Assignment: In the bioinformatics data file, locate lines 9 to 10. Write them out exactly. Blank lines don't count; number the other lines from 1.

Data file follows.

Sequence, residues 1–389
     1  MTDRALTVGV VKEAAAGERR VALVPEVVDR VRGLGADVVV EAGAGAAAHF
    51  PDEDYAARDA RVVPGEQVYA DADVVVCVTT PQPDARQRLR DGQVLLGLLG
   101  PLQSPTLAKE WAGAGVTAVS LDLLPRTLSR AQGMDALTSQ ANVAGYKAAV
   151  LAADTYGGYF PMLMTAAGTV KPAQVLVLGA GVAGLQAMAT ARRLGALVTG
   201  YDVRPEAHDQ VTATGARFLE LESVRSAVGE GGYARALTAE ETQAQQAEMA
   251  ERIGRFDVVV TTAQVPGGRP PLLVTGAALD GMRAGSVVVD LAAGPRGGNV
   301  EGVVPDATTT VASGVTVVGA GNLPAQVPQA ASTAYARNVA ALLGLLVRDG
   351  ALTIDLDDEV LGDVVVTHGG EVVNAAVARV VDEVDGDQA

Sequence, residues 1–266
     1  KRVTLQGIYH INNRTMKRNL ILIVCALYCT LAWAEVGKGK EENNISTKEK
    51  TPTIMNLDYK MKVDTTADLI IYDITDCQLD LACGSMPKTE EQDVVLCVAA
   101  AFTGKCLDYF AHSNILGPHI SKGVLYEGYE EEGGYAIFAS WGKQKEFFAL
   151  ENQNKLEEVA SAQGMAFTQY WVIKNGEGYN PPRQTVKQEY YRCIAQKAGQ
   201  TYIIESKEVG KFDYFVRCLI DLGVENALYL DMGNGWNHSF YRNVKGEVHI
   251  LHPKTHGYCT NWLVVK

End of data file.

   351  ALTIDLDDEV LGDVVVTHGG EVVNAAVARV VDEVDGDQA

Sequence, residues 1–266